Startups Struggle to Adjust as Investment Frenzy Ends

Eliot Brown reported on the front page of today’s Wall Street Journal that, “Eighteen months ago, Beepi Inc. was rapidly expanding its online used-car business to 16 U.S. cities where people could buy cut-rate vehicles adorned with giant shiny bows.

Beepi doesn’t exist anymore. After burning through more than $120 million in capital, the startup failed to raise more cash and shut down in February. Its roughly 270 employees cleared out of the cavernous Mountain View, Calif., headquarters, leaving behind the ping-pong table and putting green.

Beepi’s rapid demise offers a glimpse into the changing fortunes of Silicon Valley startups, many of which have struggled to adjust since a two-year investment frenzy came to an end.”

Graph from today’s Wall Street Journal.


Today’s article noted that, “In 2014 and 2015, mutual funds, hedge funds and other investors pumped billions into companies that they now see as overvalued, and unlikely to pull off an initial public offering. As venture capitalists became more discerning, investment in U.S. tech startups plummeted by 30% in dollar terms last year from a year earlier.”

The Journal article explained that, “Venture-capital firms remain flush with cash: They raised $44 billion last year, the most since the dot-com boom.

“But investors are staying away from scores of initially well-funded startups that once looked like relatively safe bets, forcing these companies to fight for survival as they burn through their stockpiles of cash and scramble for new money or buyers.”

Mr. Brown added that, “Seemingly every week lately, a well-funded startup is slashing jobs or pulling the plug.

“In recent months, mobile-search startup Quixey Inc. shut down after raising over $100 million, health-benefits broker Zenefits—which has raised more than $500 million—laid off nearly half of its staff, and blogging platform Medium cut one-third of its employees after raising $132 million.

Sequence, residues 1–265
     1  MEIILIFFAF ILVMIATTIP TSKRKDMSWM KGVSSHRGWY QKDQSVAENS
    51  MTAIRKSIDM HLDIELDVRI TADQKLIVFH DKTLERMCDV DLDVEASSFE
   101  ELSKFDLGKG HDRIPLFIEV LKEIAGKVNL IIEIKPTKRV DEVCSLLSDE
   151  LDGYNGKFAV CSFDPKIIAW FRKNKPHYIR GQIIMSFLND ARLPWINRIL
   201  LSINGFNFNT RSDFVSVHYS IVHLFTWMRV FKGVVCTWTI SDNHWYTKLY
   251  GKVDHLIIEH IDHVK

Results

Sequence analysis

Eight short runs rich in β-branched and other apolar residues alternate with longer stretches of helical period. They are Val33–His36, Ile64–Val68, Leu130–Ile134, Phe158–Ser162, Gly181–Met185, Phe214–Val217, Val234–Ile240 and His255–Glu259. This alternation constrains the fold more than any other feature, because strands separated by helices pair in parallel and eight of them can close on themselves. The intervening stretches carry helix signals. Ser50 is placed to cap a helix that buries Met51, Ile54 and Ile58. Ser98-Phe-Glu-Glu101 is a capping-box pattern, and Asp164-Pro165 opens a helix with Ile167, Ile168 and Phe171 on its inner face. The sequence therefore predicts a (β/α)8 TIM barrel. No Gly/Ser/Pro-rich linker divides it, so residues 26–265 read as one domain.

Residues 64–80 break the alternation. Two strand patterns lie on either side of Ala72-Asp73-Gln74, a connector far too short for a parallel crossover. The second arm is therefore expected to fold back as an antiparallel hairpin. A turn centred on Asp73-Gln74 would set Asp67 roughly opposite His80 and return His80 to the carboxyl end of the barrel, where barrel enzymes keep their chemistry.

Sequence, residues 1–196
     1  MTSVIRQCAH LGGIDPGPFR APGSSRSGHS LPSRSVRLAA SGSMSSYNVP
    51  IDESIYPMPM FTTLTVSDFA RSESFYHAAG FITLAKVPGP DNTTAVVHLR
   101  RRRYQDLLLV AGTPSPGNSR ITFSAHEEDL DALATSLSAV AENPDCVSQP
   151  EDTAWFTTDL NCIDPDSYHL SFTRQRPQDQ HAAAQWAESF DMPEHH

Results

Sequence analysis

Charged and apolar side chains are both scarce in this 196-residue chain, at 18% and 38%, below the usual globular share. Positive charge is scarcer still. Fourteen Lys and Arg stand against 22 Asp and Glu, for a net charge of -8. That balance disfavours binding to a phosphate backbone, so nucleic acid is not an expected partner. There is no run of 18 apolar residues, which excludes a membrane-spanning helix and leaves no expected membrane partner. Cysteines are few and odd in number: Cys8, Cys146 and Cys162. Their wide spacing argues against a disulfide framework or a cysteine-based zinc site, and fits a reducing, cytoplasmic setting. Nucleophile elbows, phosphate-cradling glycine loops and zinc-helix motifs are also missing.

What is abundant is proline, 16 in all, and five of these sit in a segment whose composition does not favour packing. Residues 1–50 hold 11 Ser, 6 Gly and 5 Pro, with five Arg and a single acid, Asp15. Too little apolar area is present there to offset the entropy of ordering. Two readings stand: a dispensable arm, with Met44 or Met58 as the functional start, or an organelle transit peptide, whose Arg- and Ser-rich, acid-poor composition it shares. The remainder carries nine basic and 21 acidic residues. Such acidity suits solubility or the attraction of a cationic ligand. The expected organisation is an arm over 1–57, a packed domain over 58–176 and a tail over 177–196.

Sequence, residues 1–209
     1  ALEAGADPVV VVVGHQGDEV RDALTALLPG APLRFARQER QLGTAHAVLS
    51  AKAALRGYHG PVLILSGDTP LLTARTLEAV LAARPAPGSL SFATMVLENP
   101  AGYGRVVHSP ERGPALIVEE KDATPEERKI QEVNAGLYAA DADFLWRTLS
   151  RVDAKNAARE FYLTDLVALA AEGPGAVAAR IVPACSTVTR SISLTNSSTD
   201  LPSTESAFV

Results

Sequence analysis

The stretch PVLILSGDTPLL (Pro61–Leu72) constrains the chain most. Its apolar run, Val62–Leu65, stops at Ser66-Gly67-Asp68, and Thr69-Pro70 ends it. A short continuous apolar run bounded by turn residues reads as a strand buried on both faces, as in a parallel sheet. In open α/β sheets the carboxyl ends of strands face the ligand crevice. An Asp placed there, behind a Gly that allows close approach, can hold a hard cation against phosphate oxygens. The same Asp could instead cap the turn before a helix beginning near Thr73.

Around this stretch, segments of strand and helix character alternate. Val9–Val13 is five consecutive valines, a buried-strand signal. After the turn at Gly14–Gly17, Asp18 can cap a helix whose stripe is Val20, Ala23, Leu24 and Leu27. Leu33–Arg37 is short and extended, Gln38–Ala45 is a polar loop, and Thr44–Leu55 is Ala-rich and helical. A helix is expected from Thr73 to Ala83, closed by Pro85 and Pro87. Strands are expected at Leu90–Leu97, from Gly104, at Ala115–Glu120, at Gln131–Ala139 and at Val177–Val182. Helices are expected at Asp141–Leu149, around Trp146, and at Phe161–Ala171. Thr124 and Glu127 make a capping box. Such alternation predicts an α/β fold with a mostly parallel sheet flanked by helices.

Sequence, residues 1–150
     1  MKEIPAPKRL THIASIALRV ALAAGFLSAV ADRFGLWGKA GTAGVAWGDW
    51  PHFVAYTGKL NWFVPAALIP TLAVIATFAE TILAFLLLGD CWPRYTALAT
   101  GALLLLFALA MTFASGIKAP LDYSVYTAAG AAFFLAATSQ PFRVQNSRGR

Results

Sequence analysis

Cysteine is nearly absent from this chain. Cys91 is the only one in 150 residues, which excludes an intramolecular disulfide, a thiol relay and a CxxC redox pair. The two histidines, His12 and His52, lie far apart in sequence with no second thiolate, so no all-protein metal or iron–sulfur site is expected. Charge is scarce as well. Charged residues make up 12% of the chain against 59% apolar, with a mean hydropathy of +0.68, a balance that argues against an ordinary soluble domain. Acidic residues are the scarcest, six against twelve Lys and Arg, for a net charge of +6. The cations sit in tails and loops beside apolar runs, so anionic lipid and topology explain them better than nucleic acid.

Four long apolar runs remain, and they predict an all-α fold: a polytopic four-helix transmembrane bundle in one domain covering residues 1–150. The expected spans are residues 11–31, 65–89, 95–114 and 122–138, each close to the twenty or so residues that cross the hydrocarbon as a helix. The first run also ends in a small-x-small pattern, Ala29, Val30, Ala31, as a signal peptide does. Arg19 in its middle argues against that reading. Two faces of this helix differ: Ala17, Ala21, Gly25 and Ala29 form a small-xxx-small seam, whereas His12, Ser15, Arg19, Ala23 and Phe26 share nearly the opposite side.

Such closures and cutbacks were rare two years ago when venture capitalists encouraged startups to expand rapidly to edge out competitors. Then when capital became scarcer, investors urged companies to turn profitable, which isn’t an easy pivot.”

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Some Local Food Growers Have to Get Creative to Find Land in Urban Areas

Hannah Covington reported on the front page of yesterday’s Minneapolis Star Tribune that, “With planting season looming and no place to sow her seeds, organic farmer Jessica Mutunga posted an earnest plea on a neighborhood social network: Can I use your yard?

“After her recent move from Oregon, Mutunga looked forward to tapping into the Twin Cities’ robust appetite for locally grown food. She soon discovered the farm-to-table movement has created intense demand for affordable urban farmland across the metro area.

“‘It was much more challenging than I anticipated,’ said 33-year-old Mutunga, who plans to raise and sell vegetables on an acre of yard space she cobbled together from several homeowners.”

Front page of Sunday’s Minneapolis Star Tribune.

Yesterday’s article noted that, “‘There is a real desire for local food,’ said Jesse Davis, of the Minnesota Farmers’ Market Association. And the Twin Cities, he said, is known nationally as a local food hub.

That has set off a scramble for the land to grow those vegetables and fruits, especially 1- to 10-acre parcels close to metro area markets. Only about 30 percent of the seven-county metro was still being farmed in 2010 — the most recent data available — according to the Metropolitan Council. That number was much smaller in a place like Hennepin County, with a total closer to 12 percent, and projected to shrink.”

Ms. Covington added that, “Newly sprouted farmers are looking for acreage anywhere they can. Some have hunted for the right acreage for years. Others have snatched up community garden plots for their commercial enterprises. More than 20 new community gardens were planted in the metro area in 2016, according to the Minneapolis-based nonprofit Gardening Matters. Last year, it counted 608 community gardens in the Twin Cities, up from 166 in 2009.”

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Startups Making Products From Food Waste

Washington Post writer Caitlin Dewey reported this week that, “Flour milled from discarded coffee fruit. Chips made from juice pulp. Vodka distilled from strawberries that nobody seems to want.

“At one point not so long ago, such waste-based products were novelties for the Whole Foods set. But in the past three years, there’s been an explosion in the number of start-ups making products from food waste, according to a new industry census by the nonprofit coalition ReFED.

“The report, which was released Tuesday and tracks a number of trends across the food-waste diversion industry, found that only 11 such companies existed in 2011. By 2013, that number had doubled, and ReFED now logs 64 established companies selling ugly-fruit jam, stale-bread beer, and other ‘upcycled’ food products.”